COP26: China's Xi Jinping unlikely to attend, UK PM told

President Xi Jinping is thought not to have left China since early 2020

UK Prime Minister Boris Johnson has been warned by officials that China's President Xi Jinping is unlikely to attend the COP26 climate summit in November.

UK government sources confirmed a report in The Times that Mr Johnson had been advised the Chinese leader was not expected to come.

However Chinese officials reportedly have not ruled out a change of plans.

COP26 takes place in Glasgow from 31 October to 12 November.

Leaders from around the world will meet to discuss how to minimise global temperature rises caused by human activity.

President Xi's attendance at COP26 has long been in doubt. It is thought he has not left China since early 2020.

Government sources said Chinese officials had not been definitive about the President's travel plans and they accepted it was possible Xi could change his mind and come at the last minute to surprise the summit.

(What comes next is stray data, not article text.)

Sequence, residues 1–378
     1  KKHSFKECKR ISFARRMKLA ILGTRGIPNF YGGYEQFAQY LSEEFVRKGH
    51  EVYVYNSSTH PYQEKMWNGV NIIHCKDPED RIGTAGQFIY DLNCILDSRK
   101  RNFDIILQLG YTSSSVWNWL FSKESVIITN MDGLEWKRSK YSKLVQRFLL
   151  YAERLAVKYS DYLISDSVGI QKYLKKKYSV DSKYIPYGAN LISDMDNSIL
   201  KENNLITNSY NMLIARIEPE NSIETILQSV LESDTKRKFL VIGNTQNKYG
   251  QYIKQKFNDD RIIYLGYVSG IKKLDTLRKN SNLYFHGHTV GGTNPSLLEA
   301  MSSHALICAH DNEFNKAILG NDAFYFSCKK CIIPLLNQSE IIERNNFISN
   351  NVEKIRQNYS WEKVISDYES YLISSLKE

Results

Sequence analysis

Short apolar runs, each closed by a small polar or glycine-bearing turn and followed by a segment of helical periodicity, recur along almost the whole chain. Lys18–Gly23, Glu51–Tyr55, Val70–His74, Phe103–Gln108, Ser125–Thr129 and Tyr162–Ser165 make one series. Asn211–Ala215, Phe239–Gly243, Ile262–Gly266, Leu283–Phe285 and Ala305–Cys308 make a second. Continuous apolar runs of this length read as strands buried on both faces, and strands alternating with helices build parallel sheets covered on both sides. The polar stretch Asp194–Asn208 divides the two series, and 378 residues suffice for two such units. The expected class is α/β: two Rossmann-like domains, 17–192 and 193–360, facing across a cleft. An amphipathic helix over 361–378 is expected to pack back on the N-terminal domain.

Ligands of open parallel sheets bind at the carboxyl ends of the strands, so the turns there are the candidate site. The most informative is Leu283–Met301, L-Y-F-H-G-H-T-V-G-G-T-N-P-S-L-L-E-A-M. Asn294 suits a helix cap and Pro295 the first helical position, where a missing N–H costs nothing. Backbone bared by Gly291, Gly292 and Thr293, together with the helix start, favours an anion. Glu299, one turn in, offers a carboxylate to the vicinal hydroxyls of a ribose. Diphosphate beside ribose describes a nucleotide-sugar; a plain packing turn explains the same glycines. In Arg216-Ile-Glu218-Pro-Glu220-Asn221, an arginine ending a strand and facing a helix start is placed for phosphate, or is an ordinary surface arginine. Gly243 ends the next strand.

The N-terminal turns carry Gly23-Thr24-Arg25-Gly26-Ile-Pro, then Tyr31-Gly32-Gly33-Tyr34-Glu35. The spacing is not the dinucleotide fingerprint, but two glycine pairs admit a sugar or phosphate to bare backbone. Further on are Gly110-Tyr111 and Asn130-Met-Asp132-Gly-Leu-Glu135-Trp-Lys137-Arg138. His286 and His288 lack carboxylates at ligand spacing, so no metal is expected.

"They want to be seen as green leaders so I wouldn't rule it out," one Whitehall source said.

Diplomats said China often announced President Xi's travel plans at the last minute. One said: "We never give up hope. And we are continuing to make the case for his personal attendance."

In September, Chinese officials told Italian diplomats that President Xi did not plan to attend a meeting of G20 leaders in Rome on October 30 which immediately precedes the COP26 summit. They cited China's Covid regulations as the reason.

Western diplomats said there were genuine concerns among Chinese officials at being able to protect Mr Xi from Covid outside China.

On 19 September, the UK COP President Alok Sharma told the BBC's Andrew Marr show there was uncertainty about President Xi's attendance: "The issue of whether President Xi Jinping is going to come, that's not yet been confirmed."

On Friday, Australian Prime Minister Scott Morrison confirmed he would attend the conference. He drew criticism for suggesting last month that he might skip the meeting.

Australia, a large producer of coal and gas, is ranked poorly for its climate policies and emissions reductions. One report put it last for climate action out of 193 UN member nations.

The country is under pressure to commit to stronger and faster change.


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